Karma and the Law 5The theory of reincarnation holds, briefly, that each individual human soul or essence is reborn again and again, in a series of bodily incarnations on this earth, learning its lessons and facing the conse0uences of its actions, until it is sufficiently advanced to progress to the ne6t stage #whatever that may be+.7 8 /entral to the theory of reincarnation is the 9aw of :arma. This law is believed to be the immutable law that a person pays for the evil he commits in this life by suffering

for it in the ne6t life. In other words, the suffering one e6periences is directly attributed to the individual because of his prior life and the evil done by him. 4imply, it is his own fault. The 9aw of :arma was developed in induism as the law of cause and effect that underlies personal e6istence. ; This law not only dispenses suffering for wrong doing, but it also recogni<es the good that the individual does as well. ,t the end of ones life the law of "arma comes into play. If the individual has accumulated more positive "arma than negative "arma, he gains a positive reward. owever, if he has accumulated more negative "arma, he receives more suffering in the life to come. 5:arma means that a human being is loc"ed into action by the iron law of cause and effect. =ast acts determine the present and the future. 3hat a person does now results from past actions, and these present actions will determine future actions.7 > umanity is held hostage to a law that determines ones present and future life without the ability to defend ones actions. :arma dictates that 5One never gets away with anything, for every act has a conse0uence.7 ?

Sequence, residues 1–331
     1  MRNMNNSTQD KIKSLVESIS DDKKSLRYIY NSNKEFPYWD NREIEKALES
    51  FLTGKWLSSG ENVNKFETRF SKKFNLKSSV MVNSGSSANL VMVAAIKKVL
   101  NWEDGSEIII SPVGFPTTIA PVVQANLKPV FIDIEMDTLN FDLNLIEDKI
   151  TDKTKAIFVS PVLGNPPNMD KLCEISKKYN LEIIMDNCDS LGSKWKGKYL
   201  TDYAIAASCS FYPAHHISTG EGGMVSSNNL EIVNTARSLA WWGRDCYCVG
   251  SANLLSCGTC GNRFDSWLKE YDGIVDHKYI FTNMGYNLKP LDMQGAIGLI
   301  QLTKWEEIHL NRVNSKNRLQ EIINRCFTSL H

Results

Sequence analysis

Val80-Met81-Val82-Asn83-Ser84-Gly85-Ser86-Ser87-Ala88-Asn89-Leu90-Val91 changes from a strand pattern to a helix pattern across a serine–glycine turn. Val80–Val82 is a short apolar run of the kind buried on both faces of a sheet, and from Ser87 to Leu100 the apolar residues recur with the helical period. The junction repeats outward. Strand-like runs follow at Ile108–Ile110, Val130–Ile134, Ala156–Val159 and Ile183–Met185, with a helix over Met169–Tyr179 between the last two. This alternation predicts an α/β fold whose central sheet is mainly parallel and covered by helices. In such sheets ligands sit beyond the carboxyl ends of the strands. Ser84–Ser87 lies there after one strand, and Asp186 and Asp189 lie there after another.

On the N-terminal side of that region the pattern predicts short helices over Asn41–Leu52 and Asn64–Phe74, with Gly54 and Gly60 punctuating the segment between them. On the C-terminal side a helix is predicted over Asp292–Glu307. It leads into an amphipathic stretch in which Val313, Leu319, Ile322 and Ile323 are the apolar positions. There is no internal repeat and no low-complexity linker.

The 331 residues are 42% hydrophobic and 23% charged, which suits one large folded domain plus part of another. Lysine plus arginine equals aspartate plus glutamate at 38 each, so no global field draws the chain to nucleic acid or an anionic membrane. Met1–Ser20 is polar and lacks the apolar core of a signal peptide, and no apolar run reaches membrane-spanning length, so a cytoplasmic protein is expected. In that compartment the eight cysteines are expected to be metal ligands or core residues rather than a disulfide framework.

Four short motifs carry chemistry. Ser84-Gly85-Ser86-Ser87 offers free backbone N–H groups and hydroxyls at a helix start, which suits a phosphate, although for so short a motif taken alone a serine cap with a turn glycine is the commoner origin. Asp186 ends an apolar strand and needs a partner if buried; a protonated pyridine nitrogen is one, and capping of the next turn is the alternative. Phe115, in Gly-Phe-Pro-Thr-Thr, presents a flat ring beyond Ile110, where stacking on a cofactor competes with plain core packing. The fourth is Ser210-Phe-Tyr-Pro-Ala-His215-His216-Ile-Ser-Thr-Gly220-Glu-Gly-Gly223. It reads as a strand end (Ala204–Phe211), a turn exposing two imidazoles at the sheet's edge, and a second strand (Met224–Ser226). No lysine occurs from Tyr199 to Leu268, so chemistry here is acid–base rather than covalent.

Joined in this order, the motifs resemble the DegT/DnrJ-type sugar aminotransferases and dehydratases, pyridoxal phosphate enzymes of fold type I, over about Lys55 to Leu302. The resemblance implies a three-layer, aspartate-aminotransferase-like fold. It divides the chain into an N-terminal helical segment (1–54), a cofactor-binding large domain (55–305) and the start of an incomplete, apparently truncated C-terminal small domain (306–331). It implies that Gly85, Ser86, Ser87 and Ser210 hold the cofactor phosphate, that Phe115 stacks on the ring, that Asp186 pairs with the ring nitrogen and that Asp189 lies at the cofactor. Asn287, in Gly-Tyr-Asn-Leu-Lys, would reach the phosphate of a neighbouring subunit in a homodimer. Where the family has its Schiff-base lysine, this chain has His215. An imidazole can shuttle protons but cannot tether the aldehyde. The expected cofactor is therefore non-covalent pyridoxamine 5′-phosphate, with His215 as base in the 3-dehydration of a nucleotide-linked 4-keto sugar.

Karmic Debt and Hard Questions $. ow is justice served if people have no "nowledge of why they are suffering@